The Americas

American woman pleads guilty in Canada mall shooting plot

Lindsay Souvannarath arrives at provincial court in Halifax, Nova Scotia, on Tuesday, Feb. 17, 2015. Souvannarath and Randall Steven Shepherd, of Halifax, are charged with conspiracy to commit murder, allegedly plotting a Valentine's Day mass shooting at the Halifax Shopping Centre. (AP Photo/The Canadian Press, Tim Krochak)

Lindsay Souvannarath arrives at provincial court in Halifax, Nova Scotia, on Tuesday, Feb. 17, 2015. Souvannarath and Randall Steven Shepherd, of Halifax, are charged with conspiracy to commit murder, allegedly plotting a Valentine's Day mass shooting at the Halifax Shopping Centre. (AP Photo/The Canadian Press, Tim Krochak)  (The Associated Press)

An American woman has pleaded guilty to conspiracy to commit murder in a plot that envisioned her and two online friends pulling out their guns at a Canadian mall and carrying out a murderous Valentine's Day rampage before killing themselves.

Lindsay Kantha Souvannarath of Geneva, Ill., was one of three people involved in the plan to shoot shoppers at the Halifax Shopping Centre in Nova Scotia.

Chris Hansen, a spokeswoman for the public prosecution service, said the plea came during a routine court appearance on Tuesday.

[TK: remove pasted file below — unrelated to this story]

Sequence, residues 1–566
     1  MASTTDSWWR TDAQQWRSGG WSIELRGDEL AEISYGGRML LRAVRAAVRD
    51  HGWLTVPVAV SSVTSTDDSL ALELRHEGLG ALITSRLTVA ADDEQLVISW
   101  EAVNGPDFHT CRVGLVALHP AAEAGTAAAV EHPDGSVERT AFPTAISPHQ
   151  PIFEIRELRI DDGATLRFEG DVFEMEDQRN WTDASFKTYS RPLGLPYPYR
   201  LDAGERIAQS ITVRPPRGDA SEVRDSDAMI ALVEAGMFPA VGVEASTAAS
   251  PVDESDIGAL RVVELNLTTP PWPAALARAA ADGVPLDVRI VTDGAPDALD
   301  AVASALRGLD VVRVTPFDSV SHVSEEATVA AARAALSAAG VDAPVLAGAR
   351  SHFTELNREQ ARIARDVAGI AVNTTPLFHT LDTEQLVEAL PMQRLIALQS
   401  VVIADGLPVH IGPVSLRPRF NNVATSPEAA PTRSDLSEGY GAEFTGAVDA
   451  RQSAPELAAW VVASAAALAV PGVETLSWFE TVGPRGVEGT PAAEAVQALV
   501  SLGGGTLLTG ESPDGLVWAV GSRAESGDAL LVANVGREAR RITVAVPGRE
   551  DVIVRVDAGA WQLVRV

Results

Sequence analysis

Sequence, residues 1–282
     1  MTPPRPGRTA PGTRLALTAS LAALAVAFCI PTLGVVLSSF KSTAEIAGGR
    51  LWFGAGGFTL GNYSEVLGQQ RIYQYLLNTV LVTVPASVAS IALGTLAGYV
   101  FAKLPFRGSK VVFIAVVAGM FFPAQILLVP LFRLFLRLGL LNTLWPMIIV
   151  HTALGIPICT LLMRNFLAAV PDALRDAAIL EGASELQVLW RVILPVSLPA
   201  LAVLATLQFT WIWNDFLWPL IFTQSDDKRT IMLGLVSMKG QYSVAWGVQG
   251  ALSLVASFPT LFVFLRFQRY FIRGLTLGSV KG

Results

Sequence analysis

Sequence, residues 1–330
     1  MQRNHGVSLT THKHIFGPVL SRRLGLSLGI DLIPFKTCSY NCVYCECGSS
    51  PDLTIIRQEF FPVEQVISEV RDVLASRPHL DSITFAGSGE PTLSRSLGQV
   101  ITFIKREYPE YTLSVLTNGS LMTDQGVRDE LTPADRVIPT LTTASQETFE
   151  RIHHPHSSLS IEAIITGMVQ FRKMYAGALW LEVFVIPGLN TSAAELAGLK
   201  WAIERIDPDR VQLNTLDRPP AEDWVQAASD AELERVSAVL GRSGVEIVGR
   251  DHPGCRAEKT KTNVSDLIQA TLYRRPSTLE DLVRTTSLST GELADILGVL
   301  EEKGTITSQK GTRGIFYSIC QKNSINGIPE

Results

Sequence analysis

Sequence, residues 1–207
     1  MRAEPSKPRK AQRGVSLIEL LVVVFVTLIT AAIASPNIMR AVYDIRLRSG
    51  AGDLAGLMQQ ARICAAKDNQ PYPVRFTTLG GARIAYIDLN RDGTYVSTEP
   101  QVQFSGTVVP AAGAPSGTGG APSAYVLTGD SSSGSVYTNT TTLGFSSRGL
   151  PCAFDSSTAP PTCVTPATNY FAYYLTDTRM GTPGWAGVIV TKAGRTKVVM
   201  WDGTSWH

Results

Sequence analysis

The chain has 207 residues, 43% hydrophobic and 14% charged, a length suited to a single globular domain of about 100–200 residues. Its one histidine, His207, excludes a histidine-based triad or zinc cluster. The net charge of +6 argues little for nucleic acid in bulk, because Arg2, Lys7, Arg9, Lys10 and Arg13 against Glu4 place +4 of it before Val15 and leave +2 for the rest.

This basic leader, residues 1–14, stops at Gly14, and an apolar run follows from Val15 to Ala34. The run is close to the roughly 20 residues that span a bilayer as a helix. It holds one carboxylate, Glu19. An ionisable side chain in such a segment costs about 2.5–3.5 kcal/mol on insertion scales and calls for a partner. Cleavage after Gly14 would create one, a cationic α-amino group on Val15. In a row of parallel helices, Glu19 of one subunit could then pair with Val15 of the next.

Souvannarath, 25, had plotted the attack with Randall Steven Shepherd, who entered a guilty plea in November to conspiracy to commit murder.

An agreed statement of facts said Shepherd and Souvannarath, along with a 19-year-old man found dead in his home, had planned to attack the mall on Valentine's Day in 2015.

Souvannarath confessed to the plot, a senior police official told The Associated Press in 2015. The senior police official said that Souvannarath confessed after she was arrested at the Halifax airport and that she had prepared a number of pronouncements to be posted on Twitter after her death. Shepherd also was arrested at the airport as he waited for his friend's arrival.

Police acted quickly after receiving information from the Crime Stoppers tip line.

The senior police official also told the AP that the 19-year-old man fatally shot himself after police surrounded his home in the Halifax suburb of Timberlea. At the home of the 19-year-old suspect, police saw two people leave the house who they determined were the suspect's parents and pulled them over on a traffic check. They then called the suspect. The man told police that he didn't have any guns, but he shot himself as he was on his way out of the house, the official told the AP.

The suspects used a chat stream, were apparently obsessed with death and had many photos of mass killings, said the senior police official, who spoke on the condition of anonymity because he was not authorized to speak publicly.

The official said police worked with Canadian border officials to find the female suspect on her flight to Halifax from Chicago.